‘That’s the political debate here,’ staff replied, ‘some councils believe by doing that, you get a higher level of non-fossil fuel investments’.
‘So it’s what weighting you put on that versus a potential loss of whatever the figure may be,’ staff said, ‘so that’s not a question I can answer as such’.
The mayor interjected.
‘No, we’re talking about risk, we’re talking about the risk aspect,’ Cr Sharon Cadwallader said.
‘It doesn’t necessarily change the risk as such,’ staff answered, ‘it depends who you end up investing with’.
At no point in the debate did anyone define what they meant by ‘risk’, leaving the impression risk itself was too risky a topic to analyse.
60% of Ballina Council investments in fossil fuel aligned companies
The council investment policy’s fresh scrutiny came alongside a staff update of the council’s portfolio for its ordinary May meeting.
Figures show the council had $107.3 million in various investments as of the end of April, mostly with fossil fuel aligned banks.
The largest share at 14.9% was invested in Westpac, followed by 14% in the Commonwealth Bank and 13% in the National Australia Bank, with the three major banks representing nearly 42% of the total council investment portfolio.
A detailed staff graph showed none of the three were classified as fossil fuel free or Green.
A further 6.5% of investment funds were allocated to each of the Bank of Queensland and ME Bank and 4.8% to AMP Bank, with none of those three classified as fossil fuel free or Green either.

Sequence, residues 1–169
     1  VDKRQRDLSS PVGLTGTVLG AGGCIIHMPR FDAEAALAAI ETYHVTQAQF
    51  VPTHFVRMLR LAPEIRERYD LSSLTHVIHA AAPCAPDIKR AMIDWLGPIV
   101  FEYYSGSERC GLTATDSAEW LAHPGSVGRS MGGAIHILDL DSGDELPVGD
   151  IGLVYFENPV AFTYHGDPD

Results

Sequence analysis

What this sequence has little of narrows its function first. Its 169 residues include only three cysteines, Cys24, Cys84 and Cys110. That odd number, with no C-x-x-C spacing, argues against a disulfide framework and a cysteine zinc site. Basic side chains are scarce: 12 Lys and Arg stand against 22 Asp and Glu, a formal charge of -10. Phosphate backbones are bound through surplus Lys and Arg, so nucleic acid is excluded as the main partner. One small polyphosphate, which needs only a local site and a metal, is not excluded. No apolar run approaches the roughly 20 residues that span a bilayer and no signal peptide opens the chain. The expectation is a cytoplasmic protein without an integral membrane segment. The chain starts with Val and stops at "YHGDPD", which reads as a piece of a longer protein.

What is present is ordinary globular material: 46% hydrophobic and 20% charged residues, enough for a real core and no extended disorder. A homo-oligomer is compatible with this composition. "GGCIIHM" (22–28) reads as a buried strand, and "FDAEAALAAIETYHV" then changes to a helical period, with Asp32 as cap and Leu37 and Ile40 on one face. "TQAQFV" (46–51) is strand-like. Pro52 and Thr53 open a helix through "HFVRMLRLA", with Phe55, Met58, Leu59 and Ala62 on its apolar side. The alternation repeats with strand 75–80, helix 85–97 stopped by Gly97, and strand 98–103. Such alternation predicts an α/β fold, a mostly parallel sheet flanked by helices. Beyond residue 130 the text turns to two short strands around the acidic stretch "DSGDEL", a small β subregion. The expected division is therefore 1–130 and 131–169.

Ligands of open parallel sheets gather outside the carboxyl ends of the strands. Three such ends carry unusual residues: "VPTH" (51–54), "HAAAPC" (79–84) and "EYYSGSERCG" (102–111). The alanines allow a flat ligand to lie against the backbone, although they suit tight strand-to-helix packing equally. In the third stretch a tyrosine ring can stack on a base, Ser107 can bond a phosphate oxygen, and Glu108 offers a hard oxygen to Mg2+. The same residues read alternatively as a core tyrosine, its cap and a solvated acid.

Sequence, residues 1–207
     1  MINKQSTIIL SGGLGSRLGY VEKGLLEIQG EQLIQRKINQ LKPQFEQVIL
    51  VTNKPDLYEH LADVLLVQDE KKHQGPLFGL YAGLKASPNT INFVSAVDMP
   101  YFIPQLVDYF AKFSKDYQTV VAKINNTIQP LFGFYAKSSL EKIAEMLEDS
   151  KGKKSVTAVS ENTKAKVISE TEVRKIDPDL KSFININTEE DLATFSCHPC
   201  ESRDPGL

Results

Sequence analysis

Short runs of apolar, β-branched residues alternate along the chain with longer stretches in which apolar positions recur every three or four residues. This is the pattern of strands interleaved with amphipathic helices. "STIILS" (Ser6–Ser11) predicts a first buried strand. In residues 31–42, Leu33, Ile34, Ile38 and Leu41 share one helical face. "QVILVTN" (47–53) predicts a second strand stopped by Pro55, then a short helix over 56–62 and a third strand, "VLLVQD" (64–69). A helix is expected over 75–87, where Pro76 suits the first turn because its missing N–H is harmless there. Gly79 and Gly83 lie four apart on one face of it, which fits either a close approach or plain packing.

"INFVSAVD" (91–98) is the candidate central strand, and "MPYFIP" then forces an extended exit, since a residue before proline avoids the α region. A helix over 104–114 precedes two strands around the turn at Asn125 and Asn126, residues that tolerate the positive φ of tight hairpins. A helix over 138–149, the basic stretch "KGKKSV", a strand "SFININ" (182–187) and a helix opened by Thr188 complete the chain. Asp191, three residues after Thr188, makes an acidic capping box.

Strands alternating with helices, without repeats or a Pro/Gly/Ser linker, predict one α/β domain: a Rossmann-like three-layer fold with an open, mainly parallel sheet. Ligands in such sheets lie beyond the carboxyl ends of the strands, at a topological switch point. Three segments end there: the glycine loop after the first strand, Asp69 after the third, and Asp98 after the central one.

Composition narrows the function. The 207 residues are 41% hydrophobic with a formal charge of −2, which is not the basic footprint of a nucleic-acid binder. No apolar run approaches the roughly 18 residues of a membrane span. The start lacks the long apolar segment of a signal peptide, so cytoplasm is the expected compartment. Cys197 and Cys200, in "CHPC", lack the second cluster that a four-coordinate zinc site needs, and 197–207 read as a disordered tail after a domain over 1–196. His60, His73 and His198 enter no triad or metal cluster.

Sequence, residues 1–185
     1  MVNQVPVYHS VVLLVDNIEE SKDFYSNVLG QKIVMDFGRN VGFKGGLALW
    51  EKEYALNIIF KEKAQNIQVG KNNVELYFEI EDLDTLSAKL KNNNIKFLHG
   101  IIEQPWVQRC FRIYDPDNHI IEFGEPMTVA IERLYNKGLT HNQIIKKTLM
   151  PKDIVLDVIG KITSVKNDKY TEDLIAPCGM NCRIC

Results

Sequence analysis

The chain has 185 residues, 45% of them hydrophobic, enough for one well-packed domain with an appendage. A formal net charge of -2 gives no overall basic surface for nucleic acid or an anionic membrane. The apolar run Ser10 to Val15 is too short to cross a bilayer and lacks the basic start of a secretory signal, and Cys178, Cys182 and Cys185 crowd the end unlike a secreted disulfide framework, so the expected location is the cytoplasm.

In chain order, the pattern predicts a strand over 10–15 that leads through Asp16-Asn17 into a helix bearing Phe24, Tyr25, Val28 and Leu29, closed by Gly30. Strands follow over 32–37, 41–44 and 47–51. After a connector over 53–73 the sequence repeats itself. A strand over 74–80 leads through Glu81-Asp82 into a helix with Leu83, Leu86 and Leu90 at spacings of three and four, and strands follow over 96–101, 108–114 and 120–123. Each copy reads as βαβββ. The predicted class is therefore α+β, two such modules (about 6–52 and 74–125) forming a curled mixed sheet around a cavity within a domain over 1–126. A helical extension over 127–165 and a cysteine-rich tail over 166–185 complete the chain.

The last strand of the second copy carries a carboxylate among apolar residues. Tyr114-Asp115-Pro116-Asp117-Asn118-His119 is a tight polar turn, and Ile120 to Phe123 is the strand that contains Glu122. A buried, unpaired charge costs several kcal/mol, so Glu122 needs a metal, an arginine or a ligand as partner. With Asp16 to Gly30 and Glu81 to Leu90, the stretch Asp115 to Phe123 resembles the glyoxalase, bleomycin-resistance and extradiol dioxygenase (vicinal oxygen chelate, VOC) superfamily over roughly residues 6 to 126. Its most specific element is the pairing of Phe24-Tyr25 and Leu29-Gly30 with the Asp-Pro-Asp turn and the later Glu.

A total of around 37.5% of the portfolio was classified as fossil fuel free or Green, including funds with Suncorp, BankVic, Auswide Bank, Bendigo and Adelaide Bank, Defence Bank and Police Bank.
The figure was an increase of around 3 percentage points compared to March figures, with staff saying they’d made $8 million worth of new investments in April, including $5 million in ‘non-fossil fuel aligned institutions’.
Bruem highlights low aspirations in Ballina
‘Our numbers are pretty similar to Lismore at the moment,’ Cr Bruem said when supporting the amended investment policy for public display, ‘and about double what Byron Shire is doing, which is interesting’.
‘I think there are many people in the shire who have a very hard-headed and sensible approach to this topic,’ Cr Bruem said, ‘and they still view fossil fuels as legal and a legal business in the country’.
‘They don’t necessarily see it as something to be avoided all at all costs,’ he said.
‘Once again, there’s diverse views in our shire on this.’
Ballina bottom line benefits from cash rate increases
The council’s investment updates came included an update on maturing investments.
Staff said of $12 million worth of maturing investments, non-fossil fuel aligned institutions accounted for $3 million, or 25%.
Overall, staff noted the council’s actual interest earned was trending well above the staff budget, owing to ‘continued increases in the cash rate’.
Staff said an increase in the interest budget would be seen in the May report after the council had adopted its March 2023 quarterly budget review.